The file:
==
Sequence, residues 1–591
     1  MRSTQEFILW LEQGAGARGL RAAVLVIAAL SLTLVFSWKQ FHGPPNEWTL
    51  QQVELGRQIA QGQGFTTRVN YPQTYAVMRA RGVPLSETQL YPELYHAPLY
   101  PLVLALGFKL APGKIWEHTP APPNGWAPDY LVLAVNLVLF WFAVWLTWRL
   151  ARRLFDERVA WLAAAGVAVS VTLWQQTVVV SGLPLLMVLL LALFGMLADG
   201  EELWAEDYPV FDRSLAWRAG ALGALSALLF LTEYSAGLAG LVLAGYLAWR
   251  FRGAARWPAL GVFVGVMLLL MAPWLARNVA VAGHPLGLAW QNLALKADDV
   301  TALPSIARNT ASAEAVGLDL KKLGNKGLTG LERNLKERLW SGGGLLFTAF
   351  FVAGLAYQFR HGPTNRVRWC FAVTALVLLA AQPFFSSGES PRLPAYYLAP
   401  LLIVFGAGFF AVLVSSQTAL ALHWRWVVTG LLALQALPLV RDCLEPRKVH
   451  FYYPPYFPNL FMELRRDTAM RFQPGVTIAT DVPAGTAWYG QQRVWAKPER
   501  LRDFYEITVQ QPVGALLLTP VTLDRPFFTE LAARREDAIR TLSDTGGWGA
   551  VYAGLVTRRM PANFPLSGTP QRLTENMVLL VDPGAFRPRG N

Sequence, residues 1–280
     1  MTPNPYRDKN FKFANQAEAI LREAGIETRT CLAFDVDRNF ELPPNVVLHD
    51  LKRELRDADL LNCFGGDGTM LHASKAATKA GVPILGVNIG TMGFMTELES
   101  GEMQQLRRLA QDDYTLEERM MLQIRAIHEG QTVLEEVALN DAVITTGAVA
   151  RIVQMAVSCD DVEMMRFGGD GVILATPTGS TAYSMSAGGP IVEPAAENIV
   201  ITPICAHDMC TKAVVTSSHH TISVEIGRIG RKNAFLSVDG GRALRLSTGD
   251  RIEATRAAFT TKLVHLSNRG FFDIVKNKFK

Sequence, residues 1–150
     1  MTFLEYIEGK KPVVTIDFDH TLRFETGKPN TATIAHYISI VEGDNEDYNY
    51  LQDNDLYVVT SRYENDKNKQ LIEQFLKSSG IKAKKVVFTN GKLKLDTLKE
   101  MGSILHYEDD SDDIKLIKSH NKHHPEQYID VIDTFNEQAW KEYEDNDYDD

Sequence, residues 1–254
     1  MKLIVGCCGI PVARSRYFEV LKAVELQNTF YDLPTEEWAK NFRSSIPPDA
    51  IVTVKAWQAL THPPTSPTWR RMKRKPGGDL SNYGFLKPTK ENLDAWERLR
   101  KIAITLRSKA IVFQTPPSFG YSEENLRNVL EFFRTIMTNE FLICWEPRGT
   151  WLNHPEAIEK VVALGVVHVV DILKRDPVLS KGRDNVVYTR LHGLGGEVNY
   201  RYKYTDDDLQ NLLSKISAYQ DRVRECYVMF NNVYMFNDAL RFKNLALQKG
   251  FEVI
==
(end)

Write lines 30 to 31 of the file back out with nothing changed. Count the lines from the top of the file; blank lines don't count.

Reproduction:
   201  RYKYTDDDLQ NLLSKISAYQ DRVRECYVMF NNVYMFNDAL RFKNLALQKG
   251  FEVI